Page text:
Close up of the TwinLock valve as a camper reaches to open it

Both valves sit on the sides of the sleeping pad instead of the top. Again, it’s a small change that makes a real difference, keeping you from waking up with a face full of TwinLock valves.


The MondoKing holds a solid 7.0 R-value, which provides year-round warmth worthy of summer camping trips and most winter excursions.

In the past, R-values were somewhat unreliable, but sleeping pad R-values were standardized in 2020, making it easy to understand the thermal resistance or warmth of a pad on a sliding scale. If you want to know more about sleeping pad R-values, check out our post on the subject, Understanding Sleeping Pad R-Values.

Two campers and their dog on the Mondoking in an MSR tent

With a rating of 7.0, the MondoKing is plenty comfortable for 4-season use. Even in summertime, we like pairing a pad this warm with nothing more than a couple of blankets. Comfortably sleeping outside on a warm summer night with this pad and a blanket truly redefined camping comfort for us.

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With all that cushion, it’s safe to assume the MondoKing is one of the heaviest sleeping pads out there, and it is. Weighing 4-5 pounds depending on the size, the MondoKing is actually heavier than some dual sleeping mats. And while it might be too heavy for your backpack, your car should have no problems carrying the load from point A to point B.

Two kids carrying the MondoKing towards their tent

Packed Size

With a pad as big on comfort as the MondoKing, it comes with a larger-than-normal packed size. Packing down to 10.3” x 31”, this pad could be called bulky and certainly takes up more space in our car than any other camping supplies. But, for what you get from this sleeping pad, the bulky packed size is a small price to pay.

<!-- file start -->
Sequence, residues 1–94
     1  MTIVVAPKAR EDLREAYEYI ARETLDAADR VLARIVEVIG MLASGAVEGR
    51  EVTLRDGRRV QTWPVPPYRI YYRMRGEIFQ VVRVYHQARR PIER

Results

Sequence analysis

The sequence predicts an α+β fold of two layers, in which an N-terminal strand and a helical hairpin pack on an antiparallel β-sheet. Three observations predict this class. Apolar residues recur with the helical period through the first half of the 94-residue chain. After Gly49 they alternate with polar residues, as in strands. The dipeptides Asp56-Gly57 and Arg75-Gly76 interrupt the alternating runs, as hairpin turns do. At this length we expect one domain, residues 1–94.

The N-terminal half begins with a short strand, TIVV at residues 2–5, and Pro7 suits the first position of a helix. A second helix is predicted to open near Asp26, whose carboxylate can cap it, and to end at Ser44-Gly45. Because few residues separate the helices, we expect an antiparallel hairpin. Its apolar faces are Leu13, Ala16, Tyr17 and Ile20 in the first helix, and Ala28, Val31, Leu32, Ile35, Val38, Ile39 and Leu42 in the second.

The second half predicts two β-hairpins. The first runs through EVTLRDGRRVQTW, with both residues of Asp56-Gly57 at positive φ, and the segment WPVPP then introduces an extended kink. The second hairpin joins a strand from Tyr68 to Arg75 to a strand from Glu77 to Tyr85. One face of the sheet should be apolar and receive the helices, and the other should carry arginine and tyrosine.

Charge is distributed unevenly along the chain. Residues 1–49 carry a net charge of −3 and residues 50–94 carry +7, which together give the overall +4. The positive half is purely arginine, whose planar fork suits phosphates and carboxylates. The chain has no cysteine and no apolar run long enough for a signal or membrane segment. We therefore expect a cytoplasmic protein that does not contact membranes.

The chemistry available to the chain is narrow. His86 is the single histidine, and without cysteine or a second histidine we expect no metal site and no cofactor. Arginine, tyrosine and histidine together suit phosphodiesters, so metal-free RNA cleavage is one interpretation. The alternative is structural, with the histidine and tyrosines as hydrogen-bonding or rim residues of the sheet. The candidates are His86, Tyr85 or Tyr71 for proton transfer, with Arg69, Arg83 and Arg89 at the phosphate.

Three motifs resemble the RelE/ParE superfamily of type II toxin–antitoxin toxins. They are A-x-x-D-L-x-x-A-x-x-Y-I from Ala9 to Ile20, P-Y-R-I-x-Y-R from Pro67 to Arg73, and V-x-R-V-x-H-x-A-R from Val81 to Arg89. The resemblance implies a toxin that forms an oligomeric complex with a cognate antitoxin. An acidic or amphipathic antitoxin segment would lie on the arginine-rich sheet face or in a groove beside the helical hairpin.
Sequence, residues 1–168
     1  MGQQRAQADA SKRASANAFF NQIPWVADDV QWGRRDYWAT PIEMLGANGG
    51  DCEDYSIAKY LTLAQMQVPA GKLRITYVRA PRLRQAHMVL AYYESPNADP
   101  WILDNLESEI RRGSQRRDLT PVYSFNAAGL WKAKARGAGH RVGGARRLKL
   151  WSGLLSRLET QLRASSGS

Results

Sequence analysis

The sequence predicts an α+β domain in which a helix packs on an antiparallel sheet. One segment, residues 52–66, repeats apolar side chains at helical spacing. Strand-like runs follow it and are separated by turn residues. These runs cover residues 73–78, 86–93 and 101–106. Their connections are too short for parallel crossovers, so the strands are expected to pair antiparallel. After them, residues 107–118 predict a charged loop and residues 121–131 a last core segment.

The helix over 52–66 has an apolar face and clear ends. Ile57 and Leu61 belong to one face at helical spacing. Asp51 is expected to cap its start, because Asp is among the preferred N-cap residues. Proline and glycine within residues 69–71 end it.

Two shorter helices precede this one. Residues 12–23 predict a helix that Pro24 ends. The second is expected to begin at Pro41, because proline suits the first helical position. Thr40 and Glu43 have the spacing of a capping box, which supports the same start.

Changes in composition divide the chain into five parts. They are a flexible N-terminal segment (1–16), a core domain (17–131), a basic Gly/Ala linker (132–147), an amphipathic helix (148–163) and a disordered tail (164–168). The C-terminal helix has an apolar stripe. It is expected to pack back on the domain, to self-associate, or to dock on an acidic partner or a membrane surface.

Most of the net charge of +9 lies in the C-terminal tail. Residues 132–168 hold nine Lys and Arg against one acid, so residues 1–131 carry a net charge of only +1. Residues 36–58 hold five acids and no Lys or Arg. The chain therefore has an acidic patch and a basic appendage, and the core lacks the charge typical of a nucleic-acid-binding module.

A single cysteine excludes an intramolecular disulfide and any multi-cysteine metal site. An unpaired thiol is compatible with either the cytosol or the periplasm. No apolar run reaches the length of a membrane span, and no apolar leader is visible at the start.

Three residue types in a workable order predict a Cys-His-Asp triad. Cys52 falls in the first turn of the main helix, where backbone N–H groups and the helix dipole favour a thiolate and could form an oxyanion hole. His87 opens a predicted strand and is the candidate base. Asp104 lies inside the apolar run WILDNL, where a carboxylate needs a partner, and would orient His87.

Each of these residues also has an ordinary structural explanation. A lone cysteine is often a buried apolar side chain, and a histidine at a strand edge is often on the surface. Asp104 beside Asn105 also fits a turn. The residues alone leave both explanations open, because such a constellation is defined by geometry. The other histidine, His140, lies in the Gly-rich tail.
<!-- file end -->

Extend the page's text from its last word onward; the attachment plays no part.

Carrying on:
An open hatchback filled with camping gear showing the packed size of the Mondoking


We think the MondoKing is worth its weight (and large packed size) in gold, and although it’s one of the most expensive sleeping pads on the market, a single night’s sleep on the MondoKing will cure you of any buyer’s remorse. And though it has a price tag that is more expensive than a single night’s stay in most hotels, once you have the MondoKing, you’ll be looking for reasons to skip the hotel and go camping instead.

About the Author

Derek Newman

Born in the Wasatch, Derek has had an affinity for mountain life since day one. He was on skis the year he learned to walk, and as a high school graduation present he gifted himself rock climbing lessons. Nearly two decades later, Derek spends most of his time climbing up and/or skiing down most of the mountains around Salt Lake City, and he's traveled around the world multiple times for the sole purpose of peak exploration. When he isn't a man about camp, he's working in Campman's content marketing crew writing up blogs about backcountry skiing or rock climbing as well as describing products that he's used personally. He's climbed in most climbing shoes, toured on most backcountry skis, and ridden the resort on skis, snowboards, and even some evac sleds.